“We must play the game.”
For almost two years, my school was in ‘Special Measures’, Ofsted’s category for failing schools. A number of blogs I have read over the past few weeks really struck a chord with me (particularly this one), as they so accurately reflect my own experiences.
I want to argue that the power Ofsted has can be extremely dangerous for failing schools. Because SLTs nationwide fear the potential consequences of disobeying Ofsted, schools are becoming trapped in a box-ticking prison world, where tried and tested teaching methods are feared. Ofsted inspectors can effectively say whatever they like, and schools must do it. They are holding teachers to account for teaching in a particular way, rather than for getting results, despite Wilshaw’s statements to the contrary. If you don’t teach the way the inspector thinks is best, you won’t get the best observation grade. With performance management systems in my school becoming more and more related to lesson grades, what else can a teacher do but ‘play the game’?
Life PWS (Post Wilshaw’s Speech)
Every single one of the school’s inspection reports carried out during the first eighteen months of the ‘Special Measures’ period harps on about how lessons lacked student-led activities such as group work, which ‘prevented the most able from being motivated and challenged’ and didn’t enable students to ‘use their critical thinking skills’. As a consequence, SLT made up the rather strange rule that teachers must use group work in every single lesson. CPD became about helping students to discover what they were being taught and improving engagement in lessons. Mini-plenaries were used every five minutes to assess progress. It was utterly relentless. The constant monitoring (SLT learning walks, HoD learning walks, pupil voice, formal observations, book trawls, etc.) made it extremely difficult to refuse to tick these boxes, even if you were getting results without them. During my performance management meeting I was told to stop being ‘such a maverick’ and to just get on and ‘play the game’.
Then there came Wilshaw’s speech.
I presumed that life in the world PWS would be happier, that it would be a less ‘bells and whistles’ place. I thought I might be able to get on and teach something without feeling that I need to tick boxes all the time.
Luckily for SLT, I was wrong. Our latest Ofsted inspection was just as arbitrary as the previous ones. Inevitably, the best lessons were very ‘pupil-centred’ and full of ‘active learning strategies’ that ‘challenged pupils of all levels’. In the worst lessons, teachers ‘spent too much time talking’. Lesson observations usually only lasted between 5 and 10 minutes, and miraculously, some teachers were able to demonstrate ‘outstanding’ progress within that time.
That which is being labelled as ‘outstanding practice’ at my school is simply what two or three Ofsted inspectors liked best on the day. Without exception, the most favoured lessons adopted a pupil-centred approach.
Why is this dangerous?
Schools have no choice but to listen to and act upon Ofsted’s advice. Whatever teaching method is in fashion with Ofsted will inevitably become the cornerstone of any struggling school’s improvement strategy. The fact that many of these ‘fads du jour’ have been debunked by science has nothing to do with it.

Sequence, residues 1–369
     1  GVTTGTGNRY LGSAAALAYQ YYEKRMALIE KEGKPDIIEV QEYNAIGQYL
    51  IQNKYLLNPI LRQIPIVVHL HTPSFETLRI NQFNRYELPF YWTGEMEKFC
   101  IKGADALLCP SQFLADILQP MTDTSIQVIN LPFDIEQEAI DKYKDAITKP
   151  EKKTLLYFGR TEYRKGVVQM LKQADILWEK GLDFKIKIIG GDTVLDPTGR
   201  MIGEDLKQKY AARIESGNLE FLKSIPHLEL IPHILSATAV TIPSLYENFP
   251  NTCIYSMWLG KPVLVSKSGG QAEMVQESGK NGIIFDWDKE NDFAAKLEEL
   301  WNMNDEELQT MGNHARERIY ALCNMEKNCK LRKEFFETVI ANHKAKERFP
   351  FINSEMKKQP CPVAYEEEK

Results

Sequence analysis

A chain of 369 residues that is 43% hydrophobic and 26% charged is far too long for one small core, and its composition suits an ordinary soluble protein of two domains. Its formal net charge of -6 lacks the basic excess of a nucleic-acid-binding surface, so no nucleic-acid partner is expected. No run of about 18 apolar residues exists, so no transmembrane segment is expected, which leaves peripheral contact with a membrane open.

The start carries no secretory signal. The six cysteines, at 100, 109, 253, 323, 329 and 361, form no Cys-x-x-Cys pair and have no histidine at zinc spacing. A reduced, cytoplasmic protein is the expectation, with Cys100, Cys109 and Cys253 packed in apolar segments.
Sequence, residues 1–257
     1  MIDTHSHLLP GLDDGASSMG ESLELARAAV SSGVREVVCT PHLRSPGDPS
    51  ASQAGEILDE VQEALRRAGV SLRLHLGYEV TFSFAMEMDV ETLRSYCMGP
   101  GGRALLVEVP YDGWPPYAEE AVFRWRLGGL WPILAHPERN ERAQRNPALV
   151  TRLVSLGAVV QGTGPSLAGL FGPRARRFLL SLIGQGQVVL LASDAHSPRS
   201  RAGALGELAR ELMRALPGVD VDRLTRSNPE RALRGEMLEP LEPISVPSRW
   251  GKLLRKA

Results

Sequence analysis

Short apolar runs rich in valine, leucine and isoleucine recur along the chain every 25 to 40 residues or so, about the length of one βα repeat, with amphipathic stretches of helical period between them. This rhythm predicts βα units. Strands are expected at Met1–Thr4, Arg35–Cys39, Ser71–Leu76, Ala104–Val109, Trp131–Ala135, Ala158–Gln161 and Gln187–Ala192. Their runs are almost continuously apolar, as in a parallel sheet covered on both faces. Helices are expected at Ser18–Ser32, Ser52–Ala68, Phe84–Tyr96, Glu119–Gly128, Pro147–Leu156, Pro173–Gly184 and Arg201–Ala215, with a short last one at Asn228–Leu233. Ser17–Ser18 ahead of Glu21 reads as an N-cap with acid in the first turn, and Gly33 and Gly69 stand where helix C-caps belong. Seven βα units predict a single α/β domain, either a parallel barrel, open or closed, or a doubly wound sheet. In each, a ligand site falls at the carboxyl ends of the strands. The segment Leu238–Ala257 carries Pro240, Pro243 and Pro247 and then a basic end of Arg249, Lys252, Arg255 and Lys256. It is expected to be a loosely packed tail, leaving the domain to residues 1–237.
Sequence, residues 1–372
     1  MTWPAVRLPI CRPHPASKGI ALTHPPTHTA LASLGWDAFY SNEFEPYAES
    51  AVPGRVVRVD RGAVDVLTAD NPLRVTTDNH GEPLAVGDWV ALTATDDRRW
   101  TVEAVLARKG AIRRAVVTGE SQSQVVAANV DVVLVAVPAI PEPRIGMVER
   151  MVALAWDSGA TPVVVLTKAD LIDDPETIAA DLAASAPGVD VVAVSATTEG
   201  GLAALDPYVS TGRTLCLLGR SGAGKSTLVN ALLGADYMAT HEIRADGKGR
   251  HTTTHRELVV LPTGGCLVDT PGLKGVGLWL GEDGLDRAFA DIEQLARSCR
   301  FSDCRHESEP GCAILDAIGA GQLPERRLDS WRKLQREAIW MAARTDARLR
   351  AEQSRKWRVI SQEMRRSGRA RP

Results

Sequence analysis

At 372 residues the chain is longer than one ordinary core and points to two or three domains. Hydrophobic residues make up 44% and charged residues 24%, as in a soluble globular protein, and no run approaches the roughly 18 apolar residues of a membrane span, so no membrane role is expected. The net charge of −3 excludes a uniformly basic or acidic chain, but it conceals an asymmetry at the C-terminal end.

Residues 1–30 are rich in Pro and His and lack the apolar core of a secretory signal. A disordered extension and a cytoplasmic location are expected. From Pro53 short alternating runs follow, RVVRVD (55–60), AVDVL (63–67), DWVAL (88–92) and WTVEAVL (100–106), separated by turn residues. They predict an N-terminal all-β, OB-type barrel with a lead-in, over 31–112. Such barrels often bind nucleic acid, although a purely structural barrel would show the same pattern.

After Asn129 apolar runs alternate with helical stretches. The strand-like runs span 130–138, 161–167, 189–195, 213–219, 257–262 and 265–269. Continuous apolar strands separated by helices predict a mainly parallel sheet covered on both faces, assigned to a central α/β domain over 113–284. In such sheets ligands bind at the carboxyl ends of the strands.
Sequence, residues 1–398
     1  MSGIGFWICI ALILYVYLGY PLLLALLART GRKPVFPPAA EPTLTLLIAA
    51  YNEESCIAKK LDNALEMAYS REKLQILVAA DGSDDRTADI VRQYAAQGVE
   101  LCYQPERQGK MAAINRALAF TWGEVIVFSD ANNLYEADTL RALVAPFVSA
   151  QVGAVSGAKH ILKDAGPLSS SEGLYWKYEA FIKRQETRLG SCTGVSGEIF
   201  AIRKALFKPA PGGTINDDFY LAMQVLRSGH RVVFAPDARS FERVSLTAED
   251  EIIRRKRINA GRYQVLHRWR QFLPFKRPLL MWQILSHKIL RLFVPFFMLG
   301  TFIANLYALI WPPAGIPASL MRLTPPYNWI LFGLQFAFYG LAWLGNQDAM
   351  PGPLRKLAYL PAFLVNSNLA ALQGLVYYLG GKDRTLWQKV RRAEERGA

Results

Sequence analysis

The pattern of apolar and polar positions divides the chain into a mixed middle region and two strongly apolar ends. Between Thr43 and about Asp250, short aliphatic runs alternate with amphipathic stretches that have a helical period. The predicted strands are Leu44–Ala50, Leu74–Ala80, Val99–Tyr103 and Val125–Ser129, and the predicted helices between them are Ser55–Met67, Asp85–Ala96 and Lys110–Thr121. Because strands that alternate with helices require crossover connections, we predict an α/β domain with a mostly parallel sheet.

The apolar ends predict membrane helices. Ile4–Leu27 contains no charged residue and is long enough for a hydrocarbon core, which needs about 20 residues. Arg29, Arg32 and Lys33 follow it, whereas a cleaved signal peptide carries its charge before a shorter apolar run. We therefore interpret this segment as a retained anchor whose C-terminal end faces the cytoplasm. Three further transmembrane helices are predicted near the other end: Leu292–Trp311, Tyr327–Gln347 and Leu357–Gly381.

Now that Ofsted have told us what makes an outstanding lesson, the school is trying to replicate it across the board, and the list of boxes to tick continues to get longer. The understanding is that this pupil-centred approach improves learning, because Ofsted say so. The school’s results have improved, and this is believed to be the main cause.
What SLT fail to acknowledge is the fact that 24 months ago, the school was out of control. There were no systems in place, behaviour was atrocious, teacher turnover was high and leadership was poor. Attendance was also significantly below national average, and the finances were in disarray. The introduction of a new Head and new middle leaders sorted a lot of this out. The school is by no means perfect; it still has a long way to go, but our corridors are now calm, pupils are in school, and fewer teachers are leaving throughout the year. Bizarrely, our Head and OFSTED still credit the school’s improvement to the teaching and learning strategies they prefer.
If Ofsted and senior leaders continue to ignore the obvious, and focus instead on the impact of specific teaching methods, they are missing the point. What if our leadership hadn’t changed and there was no impact on attendance and behaviour, but the same teaching and learning strategies had been implemented? Would the school still have improved? Not a chance.
Before we can start prescribing teaching methods (good or bad) we need to get the basics right. First you need to sort out behaviour, then you sort out the curriculum, then you sort out how to teach the curriculum.
If the only advice Ofsted gives failing schools is to improve teaching through the use of an extremely narrow ideology, they are disregarding the fundamentally necessary parts of school improvement. You cannot simply skip straight to fixing teaching methods if you do not have the behaviour in place. Moreover, this is further promoting a pupil-centred approach to teaching. Using schools such as mine as evidence for this approach is a lie. Schools and teachers are being misled by a misunderstanding of the relationship between correlation and causation, and Ofsted’s power is embedding these misconceptions deeper into our collective consciousness.
Courtesy of Tessa Matthews via Tabula Rasa